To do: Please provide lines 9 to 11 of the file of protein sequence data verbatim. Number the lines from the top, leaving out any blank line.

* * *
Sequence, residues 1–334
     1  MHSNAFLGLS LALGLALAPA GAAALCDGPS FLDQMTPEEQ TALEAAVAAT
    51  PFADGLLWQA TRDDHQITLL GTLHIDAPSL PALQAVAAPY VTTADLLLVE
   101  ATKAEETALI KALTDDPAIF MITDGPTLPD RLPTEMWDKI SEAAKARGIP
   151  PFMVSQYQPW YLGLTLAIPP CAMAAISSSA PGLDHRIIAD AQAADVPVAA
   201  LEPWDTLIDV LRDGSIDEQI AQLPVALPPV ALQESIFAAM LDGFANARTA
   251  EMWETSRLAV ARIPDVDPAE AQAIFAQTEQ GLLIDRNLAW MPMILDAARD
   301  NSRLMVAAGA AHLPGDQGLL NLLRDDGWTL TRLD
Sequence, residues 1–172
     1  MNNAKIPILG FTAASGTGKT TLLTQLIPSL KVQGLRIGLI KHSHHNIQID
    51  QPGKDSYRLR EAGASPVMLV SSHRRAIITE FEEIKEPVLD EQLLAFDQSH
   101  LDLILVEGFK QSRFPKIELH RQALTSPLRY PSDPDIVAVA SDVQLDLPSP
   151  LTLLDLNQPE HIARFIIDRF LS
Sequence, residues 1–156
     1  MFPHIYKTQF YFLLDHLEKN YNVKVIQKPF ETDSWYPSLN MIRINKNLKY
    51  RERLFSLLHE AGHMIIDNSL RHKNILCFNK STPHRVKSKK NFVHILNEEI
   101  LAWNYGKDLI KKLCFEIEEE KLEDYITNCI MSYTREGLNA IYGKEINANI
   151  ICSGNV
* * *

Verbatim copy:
Sequence, residues 1–172
     1  MNNAKIPILG FTAASGTGKT TLLTQLIPSL KVQGLRIGLI KHSHHNIQID
    51  QPGKDSYRLR EAGASPVMLV SSHRRAIITE FEEIKEPVLD EQLLAFDQSH